Ayurveda
Ayurveda is the omnipresent science of our rich tradition, heritage, and century-old knowledge. It is the most authentically recorded, culturally based health system in Nepal. Furthermore, this traditional knowledge provides great wealth and heritage to our nation. The history of Ayurveda can be traced to different periods, the earliest being the Vedic period when the Aryans complied the four Veda (1500-800 BC) with maximum reference in Rigveda and Atharvaveda. Ayurveda originated in heaven from Brahma. Brahma passed this knowledge to Dakshaprajapati then to Ashvinikumars. Then it transmitted to Lord Indra. On the earth, Maharshi Bharadwaj approached Lord Indra and got it.

Two types of Ayurveda practitioners are exist in Nepal. First, Ayurveda based traditional healers, who are practicing this knowledge since the time immemorial and it has been established as family profession and tradition. Second, academic Ayurveda practitioners trained from educational institutions, training centers, colleges and universities.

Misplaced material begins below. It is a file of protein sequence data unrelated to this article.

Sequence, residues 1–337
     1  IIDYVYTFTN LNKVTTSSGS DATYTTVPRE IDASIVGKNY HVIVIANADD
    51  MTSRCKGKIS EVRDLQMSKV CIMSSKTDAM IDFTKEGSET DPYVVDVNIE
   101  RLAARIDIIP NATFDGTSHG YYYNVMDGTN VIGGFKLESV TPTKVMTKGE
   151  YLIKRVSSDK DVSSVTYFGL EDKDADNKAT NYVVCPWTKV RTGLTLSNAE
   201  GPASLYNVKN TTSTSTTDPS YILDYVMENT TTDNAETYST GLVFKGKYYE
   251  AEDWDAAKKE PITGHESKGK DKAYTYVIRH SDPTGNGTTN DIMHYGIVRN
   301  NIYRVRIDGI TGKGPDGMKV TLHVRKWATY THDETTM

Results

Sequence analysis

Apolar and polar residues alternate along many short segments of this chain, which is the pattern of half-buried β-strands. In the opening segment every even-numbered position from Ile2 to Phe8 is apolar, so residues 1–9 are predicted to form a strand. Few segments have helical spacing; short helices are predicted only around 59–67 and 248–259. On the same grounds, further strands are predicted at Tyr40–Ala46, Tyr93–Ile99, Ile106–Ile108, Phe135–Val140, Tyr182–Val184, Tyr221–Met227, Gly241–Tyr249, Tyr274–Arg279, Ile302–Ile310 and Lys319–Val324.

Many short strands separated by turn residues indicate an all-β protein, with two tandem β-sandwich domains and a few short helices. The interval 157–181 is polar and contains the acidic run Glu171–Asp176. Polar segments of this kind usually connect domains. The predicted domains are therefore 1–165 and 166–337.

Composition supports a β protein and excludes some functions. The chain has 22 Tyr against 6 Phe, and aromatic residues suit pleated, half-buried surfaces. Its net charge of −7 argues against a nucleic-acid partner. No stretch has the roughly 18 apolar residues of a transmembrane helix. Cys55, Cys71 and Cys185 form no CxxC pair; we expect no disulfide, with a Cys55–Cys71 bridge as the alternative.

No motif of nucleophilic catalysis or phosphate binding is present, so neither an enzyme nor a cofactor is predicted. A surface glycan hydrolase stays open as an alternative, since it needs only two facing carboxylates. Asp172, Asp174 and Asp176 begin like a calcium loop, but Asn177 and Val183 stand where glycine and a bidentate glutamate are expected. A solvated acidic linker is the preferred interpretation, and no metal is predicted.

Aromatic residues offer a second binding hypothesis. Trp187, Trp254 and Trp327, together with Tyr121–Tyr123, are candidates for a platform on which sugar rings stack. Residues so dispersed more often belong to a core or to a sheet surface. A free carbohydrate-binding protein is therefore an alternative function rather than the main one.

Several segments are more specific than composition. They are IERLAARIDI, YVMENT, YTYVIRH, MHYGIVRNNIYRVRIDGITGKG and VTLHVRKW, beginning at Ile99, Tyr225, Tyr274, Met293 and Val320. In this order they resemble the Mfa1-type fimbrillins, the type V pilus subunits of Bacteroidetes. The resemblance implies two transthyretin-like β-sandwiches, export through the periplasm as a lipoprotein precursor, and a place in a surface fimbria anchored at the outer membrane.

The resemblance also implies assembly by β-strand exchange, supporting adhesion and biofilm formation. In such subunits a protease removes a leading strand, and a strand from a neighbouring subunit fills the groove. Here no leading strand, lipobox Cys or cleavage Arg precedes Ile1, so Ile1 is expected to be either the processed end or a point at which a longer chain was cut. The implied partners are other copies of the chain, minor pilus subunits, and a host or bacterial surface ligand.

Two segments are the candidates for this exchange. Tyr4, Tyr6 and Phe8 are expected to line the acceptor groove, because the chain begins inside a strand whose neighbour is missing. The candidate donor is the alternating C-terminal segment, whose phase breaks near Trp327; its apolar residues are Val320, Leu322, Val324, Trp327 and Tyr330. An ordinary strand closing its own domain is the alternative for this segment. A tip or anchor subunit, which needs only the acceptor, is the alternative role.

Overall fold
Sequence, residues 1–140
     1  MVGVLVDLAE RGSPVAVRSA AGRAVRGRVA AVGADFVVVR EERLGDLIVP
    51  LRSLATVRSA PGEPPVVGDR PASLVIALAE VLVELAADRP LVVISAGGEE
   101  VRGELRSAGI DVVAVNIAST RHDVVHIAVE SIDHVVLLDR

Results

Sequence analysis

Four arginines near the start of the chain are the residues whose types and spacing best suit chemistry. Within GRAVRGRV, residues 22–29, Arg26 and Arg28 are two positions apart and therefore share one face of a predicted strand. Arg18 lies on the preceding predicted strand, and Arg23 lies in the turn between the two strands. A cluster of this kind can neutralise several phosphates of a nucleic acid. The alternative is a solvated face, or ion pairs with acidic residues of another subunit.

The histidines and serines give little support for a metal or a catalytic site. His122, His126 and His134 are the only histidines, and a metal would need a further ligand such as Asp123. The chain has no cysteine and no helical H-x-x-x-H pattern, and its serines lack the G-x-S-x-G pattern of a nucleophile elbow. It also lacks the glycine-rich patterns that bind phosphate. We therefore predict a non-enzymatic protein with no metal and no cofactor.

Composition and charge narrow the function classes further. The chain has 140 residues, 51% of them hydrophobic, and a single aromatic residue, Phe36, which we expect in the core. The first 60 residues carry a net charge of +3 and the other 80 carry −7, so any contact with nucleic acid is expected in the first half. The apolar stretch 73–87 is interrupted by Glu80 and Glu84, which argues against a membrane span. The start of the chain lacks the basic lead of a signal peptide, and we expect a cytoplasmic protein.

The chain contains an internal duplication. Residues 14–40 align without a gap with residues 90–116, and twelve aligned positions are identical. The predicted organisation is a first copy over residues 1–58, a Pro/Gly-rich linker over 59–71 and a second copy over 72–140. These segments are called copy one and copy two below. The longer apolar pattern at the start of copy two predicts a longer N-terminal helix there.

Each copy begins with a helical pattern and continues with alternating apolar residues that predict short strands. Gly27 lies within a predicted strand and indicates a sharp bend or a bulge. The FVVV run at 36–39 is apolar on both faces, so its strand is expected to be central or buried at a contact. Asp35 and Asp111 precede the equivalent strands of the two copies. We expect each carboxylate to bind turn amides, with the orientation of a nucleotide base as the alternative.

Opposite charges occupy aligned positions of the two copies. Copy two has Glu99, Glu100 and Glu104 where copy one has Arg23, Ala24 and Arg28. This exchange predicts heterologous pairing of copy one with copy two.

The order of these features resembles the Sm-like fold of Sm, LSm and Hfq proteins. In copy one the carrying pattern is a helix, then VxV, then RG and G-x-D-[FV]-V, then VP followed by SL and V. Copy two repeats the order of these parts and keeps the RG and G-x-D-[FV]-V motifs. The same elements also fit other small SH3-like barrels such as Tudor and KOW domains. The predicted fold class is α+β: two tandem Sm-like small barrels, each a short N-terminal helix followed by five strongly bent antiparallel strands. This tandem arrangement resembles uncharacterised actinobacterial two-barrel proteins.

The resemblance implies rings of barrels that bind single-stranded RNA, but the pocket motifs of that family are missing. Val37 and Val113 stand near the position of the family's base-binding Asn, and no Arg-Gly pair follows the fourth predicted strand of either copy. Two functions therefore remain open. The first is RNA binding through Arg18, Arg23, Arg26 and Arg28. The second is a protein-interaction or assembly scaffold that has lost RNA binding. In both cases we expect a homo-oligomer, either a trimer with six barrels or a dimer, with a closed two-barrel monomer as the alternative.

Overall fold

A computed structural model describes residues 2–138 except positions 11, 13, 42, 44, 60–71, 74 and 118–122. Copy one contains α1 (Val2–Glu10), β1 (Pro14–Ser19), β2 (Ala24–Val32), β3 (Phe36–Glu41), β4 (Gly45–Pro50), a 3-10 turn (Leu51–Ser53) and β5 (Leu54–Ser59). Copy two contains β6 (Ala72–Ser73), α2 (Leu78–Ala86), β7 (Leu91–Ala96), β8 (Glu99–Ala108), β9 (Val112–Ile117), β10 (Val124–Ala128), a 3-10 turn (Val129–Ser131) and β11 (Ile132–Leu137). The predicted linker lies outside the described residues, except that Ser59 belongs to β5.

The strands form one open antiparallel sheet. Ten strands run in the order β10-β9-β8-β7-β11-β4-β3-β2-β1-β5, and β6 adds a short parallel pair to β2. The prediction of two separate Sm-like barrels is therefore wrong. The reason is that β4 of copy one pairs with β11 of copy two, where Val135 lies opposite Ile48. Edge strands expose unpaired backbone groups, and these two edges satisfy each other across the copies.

Homeopathy
This system has been recognized as a national health system and a homeopathy hospital is running by government since 2010 BS. The only one hospital in the country is located in Kathmandu with three graduated doctors studied in India. But the junior level technicians (total eight in number) associated with hospitals are from Allopathic background with refresh training on Homeopathy. There is no separate regulatory body to control and monitor this system of medicine and to register practitioners like in modern medicine (Nepal Medical Council) and Ayurveda (Nepal Ayurvedic Medical Council).